March 9, 2015
A Sublime Vintage Glass House in Armonk, NY
Andrew Mandolene and Todd Goddard make a cross-country move to Westchester, New York, to restore a long-abandoned mid-century gem by Arthur Witthoefft to its former glory.
by Judith Nasatir photographer Costas Picadas architecture Arthur Witthoefft
MAD FOR MODERN
Mad men? Mod men? Creative director Andrew Mandolene AND his real estate specialist husband Todd Goddard are more than a bit of both. What's the mad part? Switching coasts because of a house isn't an everyday M.O. What's the mod part? What isn't? For the last two decades or so, Mandolene and Goddard have lived for mid-century modern. Their sublime, to-the-original-blueprint restoration of architect Arthur Witthoefft's AIA Award-winning, 1957-vintage glass house-25 feet by 100 feet, cantilevered over two stone walls-on three-plus acres in the Westchester hamlet of Armonk, New York, is just the latest example of their passion. The duo have filled it with their oh-so-chic, true-to-the-period, collected-over-time décor-A-listers include Paul McCobb, Harry Bertoia, Milo Baughman, Eero Saarinen, Florence Knoll, and George Nelson, for starters. The overall effect is arresting, with a soigné touch of the time warp, too.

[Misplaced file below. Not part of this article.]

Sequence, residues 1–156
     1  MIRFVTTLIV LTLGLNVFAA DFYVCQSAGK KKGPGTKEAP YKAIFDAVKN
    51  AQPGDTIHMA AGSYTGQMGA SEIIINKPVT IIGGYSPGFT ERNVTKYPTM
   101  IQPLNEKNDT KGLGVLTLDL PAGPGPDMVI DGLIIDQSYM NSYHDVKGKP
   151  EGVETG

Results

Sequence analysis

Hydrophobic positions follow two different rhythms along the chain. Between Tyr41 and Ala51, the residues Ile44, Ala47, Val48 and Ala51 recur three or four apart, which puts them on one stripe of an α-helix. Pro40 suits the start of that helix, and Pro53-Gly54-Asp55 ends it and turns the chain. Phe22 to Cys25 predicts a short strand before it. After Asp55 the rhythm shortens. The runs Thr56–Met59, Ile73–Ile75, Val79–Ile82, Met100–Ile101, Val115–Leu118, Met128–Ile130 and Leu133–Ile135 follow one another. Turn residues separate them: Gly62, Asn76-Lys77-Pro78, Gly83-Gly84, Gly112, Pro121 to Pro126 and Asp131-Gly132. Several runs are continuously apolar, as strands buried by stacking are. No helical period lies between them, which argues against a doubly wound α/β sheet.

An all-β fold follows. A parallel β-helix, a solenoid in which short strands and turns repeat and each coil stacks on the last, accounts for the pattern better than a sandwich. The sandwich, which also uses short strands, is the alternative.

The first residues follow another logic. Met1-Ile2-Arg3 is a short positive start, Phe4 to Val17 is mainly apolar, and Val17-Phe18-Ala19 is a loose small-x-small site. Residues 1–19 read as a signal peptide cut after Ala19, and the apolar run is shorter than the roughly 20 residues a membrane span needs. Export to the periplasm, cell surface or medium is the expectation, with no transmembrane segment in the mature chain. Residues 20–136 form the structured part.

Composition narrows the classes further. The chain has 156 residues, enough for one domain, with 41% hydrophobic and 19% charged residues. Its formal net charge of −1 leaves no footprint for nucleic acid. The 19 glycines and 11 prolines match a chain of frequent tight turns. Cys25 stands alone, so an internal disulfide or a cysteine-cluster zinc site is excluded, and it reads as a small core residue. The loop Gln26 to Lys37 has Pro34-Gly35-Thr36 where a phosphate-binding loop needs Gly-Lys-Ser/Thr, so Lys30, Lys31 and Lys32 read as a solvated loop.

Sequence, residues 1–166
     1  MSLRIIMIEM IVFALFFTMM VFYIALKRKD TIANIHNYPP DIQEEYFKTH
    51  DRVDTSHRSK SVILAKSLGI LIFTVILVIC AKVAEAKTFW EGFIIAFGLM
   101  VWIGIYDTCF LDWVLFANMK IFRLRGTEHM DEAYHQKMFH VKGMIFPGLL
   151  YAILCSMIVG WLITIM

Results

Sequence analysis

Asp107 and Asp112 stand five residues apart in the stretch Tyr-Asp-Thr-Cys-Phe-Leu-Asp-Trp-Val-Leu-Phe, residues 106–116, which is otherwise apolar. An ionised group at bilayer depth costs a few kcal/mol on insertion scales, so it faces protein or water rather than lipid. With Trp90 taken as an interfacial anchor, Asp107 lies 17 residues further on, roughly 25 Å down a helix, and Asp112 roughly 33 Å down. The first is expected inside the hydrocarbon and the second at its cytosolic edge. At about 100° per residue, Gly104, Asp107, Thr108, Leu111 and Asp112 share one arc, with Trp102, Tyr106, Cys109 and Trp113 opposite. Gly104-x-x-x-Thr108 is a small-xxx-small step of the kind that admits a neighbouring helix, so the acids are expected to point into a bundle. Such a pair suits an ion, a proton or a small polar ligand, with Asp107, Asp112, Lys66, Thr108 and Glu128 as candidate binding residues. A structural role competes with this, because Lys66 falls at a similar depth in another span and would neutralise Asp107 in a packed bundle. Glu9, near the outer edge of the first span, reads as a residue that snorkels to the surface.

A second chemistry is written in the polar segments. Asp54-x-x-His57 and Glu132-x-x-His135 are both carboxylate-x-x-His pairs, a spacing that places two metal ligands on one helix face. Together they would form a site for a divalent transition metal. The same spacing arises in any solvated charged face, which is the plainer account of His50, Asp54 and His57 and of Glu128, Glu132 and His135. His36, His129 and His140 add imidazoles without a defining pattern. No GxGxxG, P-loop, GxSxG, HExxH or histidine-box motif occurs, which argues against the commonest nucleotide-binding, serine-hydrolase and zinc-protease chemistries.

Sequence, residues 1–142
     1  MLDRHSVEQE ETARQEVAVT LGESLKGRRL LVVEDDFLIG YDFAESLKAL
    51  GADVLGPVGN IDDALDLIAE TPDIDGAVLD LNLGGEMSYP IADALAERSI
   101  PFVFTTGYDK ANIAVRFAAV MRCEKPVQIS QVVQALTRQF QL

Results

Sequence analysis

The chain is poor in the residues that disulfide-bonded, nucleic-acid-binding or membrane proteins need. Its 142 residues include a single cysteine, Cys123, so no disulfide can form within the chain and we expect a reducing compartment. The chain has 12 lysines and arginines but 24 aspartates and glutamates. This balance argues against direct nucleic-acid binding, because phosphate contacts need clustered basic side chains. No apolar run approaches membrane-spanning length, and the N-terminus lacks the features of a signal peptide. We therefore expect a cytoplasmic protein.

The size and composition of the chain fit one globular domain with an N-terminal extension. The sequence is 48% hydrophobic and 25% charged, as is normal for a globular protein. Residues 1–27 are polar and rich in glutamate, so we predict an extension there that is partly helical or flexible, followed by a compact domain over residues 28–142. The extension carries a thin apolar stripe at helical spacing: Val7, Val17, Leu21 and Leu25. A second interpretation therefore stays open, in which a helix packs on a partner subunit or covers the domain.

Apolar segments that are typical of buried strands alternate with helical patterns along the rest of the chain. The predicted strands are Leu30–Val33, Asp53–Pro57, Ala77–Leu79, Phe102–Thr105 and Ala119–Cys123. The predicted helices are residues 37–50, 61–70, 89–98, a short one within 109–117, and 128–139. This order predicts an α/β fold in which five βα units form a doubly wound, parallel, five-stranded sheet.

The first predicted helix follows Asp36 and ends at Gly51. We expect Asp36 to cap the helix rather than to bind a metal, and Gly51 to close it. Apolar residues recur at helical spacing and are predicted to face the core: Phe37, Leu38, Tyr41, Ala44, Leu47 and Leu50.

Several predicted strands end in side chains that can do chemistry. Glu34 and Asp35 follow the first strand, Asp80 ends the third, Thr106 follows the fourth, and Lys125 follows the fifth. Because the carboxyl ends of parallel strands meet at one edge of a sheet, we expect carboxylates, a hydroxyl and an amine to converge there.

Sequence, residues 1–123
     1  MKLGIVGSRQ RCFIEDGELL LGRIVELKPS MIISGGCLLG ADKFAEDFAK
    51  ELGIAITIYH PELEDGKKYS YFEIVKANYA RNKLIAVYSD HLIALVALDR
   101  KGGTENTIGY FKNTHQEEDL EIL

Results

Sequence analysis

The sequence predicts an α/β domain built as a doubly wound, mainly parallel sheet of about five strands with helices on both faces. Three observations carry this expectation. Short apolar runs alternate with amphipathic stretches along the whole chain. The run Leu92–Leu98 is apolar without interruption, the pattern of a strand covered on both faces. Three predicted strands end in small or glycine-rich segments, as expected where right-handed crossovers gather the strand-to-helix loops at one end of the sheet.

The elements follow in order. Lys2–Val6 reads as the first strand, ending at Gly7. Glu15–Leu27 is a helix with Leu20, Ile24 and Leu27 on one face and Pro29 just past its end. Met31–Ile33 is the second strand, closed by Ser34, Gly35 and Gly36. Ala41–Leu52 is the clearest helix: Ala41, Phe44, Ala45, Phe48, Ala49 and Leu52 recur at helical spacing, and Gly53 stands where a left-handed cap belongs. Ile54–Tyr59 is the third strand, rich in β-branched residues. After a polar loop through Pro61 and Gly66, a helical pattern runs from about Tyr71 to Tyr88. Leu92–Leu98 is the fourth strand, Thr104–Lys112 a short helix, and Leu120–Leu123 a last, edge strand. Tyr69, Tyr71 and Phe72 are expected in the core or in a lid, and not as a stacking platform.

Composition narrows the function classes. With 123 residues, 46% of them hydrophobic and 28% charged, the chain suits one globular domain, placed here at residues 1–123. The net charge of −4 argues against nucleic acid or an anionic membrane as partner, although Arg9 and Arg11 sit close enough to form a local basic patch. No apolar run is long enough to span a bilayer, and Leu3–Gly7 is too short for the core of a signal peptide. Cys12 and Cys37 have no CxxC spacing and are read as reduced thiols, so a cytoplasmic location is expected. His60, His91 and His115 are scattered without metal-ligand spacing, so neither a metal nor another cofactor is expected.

Yet there's more to Mandolene and Goddard's mad/mod world than meets the appreciative eye. The two were living in Kenaston House, architect E. Stewart William's 1957 jewel in Rancho Mirage, California-not the first of their mid-century homes-when they decided to move. Knowing they were only interested in another mid-century classic, they opted for a bi-coastal search. Among the photos of available properties in the Northeast was a wreck that intrigued them enough to fly across country for a look. Why? One picture captured a sliver of the living room's freestanding fireplace. It was that breathtaking travertine feature that sealed their interest-and, because of the house's disastrous condition after eight years of abandonment, their fates for the next several years. The two outwitted several developers to purchase the place just days before its scheduled demolition. They found Mr. Witthoefft, a one-time staff architect at Skidmore, Owings & Merrill, the era's International Style examplar, in Florida, where he had moved with his interior designer wife in 1989. He confirmed that, decrepit though the house was, it was savable because of its steel frame. With Witthoefft's help, plus the ingenuity of Steve Csapo, their "problem-solving" contractor, the couple pursued their restoration project with singular focus-and fidelity to the architect's original plans (Witthoefft lived to see the restoration completed). The house is now listed on the state and national registers. That's the method in their mad/mod-ness.